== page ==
Public Relations

Are Your PR Efforts Falling Flat? Here's How to Fix It

A solid checklist for managing your own public relations campaign will include setting clear goals, pitching the right reporter and so much more.
Are Your PR Efforts Falling Flat? Here's How to Fix It
Image credit: PeopleImages | Getty Images
Guest Writer
CEO of Fifth Avenue Brands
7 min read
Opinions expressed by Entrepreneur contributors are their own.

A well-executed public relations campaign has the ability to take your business to the next level and grant you exposure to new markets and audiences. However, when done incorrectly and not followed through on consistently, your PR campaign will not only yield insufficient results but prove to be a waste of time.

Over the past decade in the public relations industry, I have tested hundreds of strategies and tactics to get the best results from a public relations campaign. Along the way, I have established a couple key rules that are universal to any business working to get their tactical approach to PR on the right track. More often than not, breaking these rules will derail a PR effort, or at the very least make your implementation a whole lot more difficult. Here are my top half-dozen reasons why public relations plans fail followed by the fixes you must implement to ensure your strategy is strong from start to finish.

No clear goal

Many companies start a PR campaign with the vague goal of simply getting publicity without an actual defined outcome related to increasing traffic, leads or revenue. A targeted goal is necessary in order to see desired results, and most importantly, a return on investment.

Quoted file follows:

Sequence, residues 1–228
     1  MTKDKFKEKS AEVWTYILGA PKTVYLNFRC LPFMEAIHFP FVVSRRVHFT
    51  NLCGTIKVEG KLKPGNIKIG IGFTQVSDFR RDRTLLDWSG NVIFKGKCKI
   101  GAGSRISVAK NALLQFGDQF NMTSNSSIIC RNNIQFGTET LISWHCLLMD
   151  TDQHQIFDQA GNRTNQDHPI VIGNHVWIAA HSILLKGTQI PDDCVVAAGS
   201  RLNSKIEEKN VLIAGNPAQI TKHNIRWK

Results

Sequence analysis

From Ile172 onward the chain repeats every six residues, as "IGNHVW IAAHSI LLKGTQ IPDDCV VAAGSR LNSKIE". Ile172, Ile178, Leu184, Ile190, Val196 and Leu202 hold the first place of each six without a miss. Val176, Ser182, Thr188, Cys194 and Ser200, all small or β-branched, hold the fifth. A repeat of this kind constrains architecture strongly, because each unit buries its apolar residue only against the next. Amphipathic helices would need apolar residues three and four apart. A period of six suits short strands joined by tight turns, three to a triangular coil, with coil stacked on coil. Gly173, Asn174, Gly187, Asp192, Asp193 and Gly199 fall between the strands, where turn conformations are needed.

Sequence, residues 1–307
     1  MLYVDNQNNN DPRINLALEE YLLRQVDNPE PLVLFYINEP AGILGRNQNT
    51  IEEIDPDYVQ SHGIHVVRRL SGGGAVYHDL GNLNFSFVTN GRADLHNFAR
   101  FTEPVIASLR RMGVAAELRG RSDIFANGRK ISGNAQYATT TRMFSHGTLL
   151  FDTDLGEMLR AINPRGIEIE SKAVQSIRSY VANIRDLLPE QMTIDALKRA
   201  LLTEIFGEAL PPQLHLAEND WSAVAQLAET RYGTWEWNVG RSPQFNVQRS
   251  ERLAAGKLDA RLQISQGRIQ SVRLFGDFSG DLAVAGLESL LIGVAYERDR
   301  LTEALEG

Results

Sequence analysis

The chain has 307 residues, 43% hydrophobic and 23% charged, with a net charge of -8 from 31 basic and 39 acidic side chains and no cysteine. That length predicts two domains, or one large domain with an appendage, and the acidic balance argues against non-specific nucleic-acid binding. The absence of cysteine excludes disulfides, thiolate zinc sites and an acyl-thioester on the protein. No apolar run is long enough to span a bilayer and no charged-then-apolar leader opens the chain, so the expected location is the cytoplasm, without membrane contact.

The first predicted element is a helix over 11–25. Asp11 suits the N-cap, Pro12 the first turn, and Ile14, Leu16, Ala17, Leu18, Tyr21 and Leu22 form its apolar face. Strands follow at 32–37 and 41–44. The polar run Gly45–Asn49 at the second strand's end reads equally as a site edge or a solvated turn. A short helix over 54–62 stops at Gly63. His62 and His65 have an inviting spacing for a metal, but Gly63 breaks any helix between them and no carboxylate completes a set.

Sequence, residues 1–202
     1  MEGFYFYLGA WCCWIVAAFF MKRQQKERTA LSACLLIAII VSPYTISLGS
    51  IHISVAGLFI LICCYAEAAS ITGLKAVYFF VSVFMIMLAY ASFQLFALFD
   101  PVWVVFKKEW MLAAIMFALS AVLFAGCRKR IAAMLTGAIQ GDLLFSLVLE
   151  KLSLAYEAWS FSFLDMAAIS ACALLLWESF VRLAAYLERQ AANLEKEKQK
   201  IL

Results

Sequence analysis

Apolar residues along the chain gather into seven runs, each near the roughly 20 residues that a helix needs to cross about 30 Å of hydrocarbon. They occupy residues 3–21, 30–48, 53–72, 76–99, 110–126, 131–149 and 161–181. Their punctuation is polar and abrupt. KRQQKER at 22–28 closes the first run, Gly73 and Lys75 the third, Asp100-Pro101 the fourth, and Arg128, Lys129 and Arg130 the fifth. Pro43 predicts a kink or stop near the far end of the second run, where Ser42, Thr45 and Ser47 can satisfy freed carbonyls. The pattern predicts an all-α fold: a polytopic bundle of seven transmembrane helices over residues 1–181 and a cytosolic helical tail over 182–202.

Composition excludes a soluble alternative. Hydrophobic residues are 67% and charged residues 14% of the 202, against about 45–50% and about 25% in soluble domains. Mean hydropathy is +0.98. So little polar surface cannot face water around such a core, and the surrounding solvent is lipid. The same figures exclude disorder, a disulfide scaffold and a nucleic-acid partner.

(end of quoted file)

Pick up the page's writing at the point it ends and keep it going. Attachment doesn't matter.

The Fix: Set a specific goal for a campaign such as generating an increase in traffic to your website over a certain period of time, or generating a certain number of sales lead conversions on your site. Once you choose your goal, your results can easily be measured to track success throughout your campaign. The outcome will never be uncertain. You’ll know exactly where you are on the spectrum between success or failure.

No KPIs to measure progress

You need to choose the proper key performance indicators (KPIs) to measure progress towards your goal. More often than not, companies do very little in terms of KPI tracking for their PR campaigns, which is partly why PR has developed a reputation for being abstract. You need to track both the actions that were taken and the resulting progress, including pitches that were sent, conversations with reporters, and interviews that were conducted. If at any given point you are not on track to reach your goals, you can refer back to your KPIs to see where insufficient action is being taken and increase it.

Related: 5 Pro Tips for a Successful Do-It-Yourself Public Relations Campaign

The Fix: Create a spreadsheet where you can log each media pitch you send, who you sent it to, the date and what you pitched them. Track the date you follow up on each pitch as well and notes on any responses received from the press. Tracking these metrics will help you establish trends for what story angles work better, which media outlets are more responsive, and even days of the week that are more effective for pitching. This will allow you to continually pivot and tweak your strategy to optimize for your goals.

The wrong story or media contacts

This is one of the most common mistakes made in PR. You need to pitch a story to the media that has value, not just a promotion for your product. Sending a pitch that is overly promotional or, worse, a generic story will not yield interviews or interest. Similarly, you also need to choose the correct reporters and producers to send your pitch to. Taking a “spray and pray” approach of mass emailing media outlets will sabotage your efforts from day one. Your pitch needs to align not only to the media outlet you’re sending it to but also to the individual reporter’s exact coverage area.